Beloved by Toni Morrison

Analysis of Part 10 (Chapters 24 - 25)

The theme of slavery versus freedom is once again brought into play when Paul D reminisces about Sweet Home. "Everything rested on Garner being alive," notes Paul D. "Without his life each of theirs fell to pieces. Now ain't that slavery or what is it?" Though the Garners treated their slaves as men, they still fostered in them a dependency for all their needs, including their esteem. "Garner called and announced them men-but only on Sweet Home, and by his leave. Was he naming what he saw or creating what he did not?" Paul D notes that the only men at heart were Sixo and Halle, because they never questioned once their inherent right to freedom.

Paul D's soliloquy at the end of the chapter over his own price reveals that Paul D still isn't sure of who he is. Having run for 18 years from slavery, he still believes that he has a price, and that he can be bought and sold. He does, however, know that what he wants is a place he can rest-where people can't move him around without his assent (as Beloved did).

Sixo's song is, in one sense, a song of hatred for the white men. In another sense, it is a song of defiance and of freedom, for it is sung in his own native language and not English. In refusing to speak the language forced upon him, Sixo pronounces his independence, even to the last.

Sixo's name is an allusion to the "Sixty Million and More" Africans who died in the Middle Passage, and his death by fire is symbolic of their deaths. While dying, though, Sixo laughs and cries out "Seven-O" because he knows there is a child on the way, a child which he believes will be born to freedom by the Thirty-Mile Woman. That child is an uncertain hope, and a dream, both for him and for millions of Negroes.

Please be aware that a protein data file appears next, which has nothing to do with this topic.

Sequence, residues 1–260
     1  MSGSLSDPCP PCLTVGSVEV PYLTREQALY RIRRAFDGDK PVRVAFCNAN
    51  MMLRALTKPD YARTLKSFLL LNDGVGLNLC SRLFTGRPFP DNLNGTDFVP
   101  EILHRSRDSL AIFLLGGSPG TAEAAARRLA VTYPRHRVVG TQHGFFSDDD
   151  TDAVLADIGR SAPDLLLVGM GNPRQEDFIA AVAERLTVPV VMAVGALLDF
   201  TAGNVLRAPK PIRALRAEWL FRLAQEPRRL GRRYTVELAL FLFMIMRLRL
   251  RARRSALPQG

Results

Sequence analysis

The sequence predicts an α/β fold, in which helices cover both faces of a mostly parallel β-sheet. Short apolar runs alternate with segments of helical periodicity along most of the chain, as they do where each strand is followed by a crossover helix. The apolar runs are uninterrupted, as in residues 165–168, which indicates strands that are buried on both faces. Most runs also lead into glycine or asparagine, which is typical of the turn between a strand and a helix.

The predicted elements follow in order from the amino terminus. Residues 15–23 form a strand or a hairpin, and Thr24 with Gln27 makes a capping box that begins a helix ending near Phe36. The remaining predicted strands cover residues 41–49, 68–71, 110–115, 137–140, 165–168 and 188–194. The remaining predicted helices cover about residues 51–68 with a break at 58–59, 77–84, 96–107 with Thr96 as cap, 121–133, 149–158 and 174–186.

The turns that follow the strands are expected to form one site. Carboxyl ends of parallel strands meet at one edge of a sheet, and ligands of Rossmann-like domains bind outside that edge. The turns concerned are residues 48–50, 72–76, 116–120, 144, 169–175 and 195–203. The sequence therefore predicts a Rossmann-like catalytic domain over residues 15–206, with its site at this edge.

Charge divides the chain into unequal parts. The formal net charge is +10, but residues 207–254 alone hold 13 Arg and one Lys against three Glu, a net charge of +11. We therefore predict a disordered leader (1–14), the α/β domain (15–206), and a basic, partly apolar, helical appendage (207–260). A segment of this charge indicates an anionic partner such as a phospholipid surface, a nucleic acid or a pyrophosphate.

At the end of Chapter 25, Paul D asks Stamp Paid "How much is a nigger supposed to take?" In essence, he is asking how much more black men will have to endure. Stamp Paid's answer is not an optimistic one: "All he can." It is Stamp's resignation-a resignation he discovered tied to a ribbon in the water-and it is Baby Suggs's resignation. The implication is that the white folks will continue to view them as animals, and that black people must endure all they can until this changes. Paul D's final response of "Why?" is an unanswered one. It is unanswered because it has no reasonable answer-its answer is the shame of a nation. Also hidden in Stamp Paid's answer that a Negro should take "all he can" is the implication that a black man should take all he is given, including freedom and apparent freedom.

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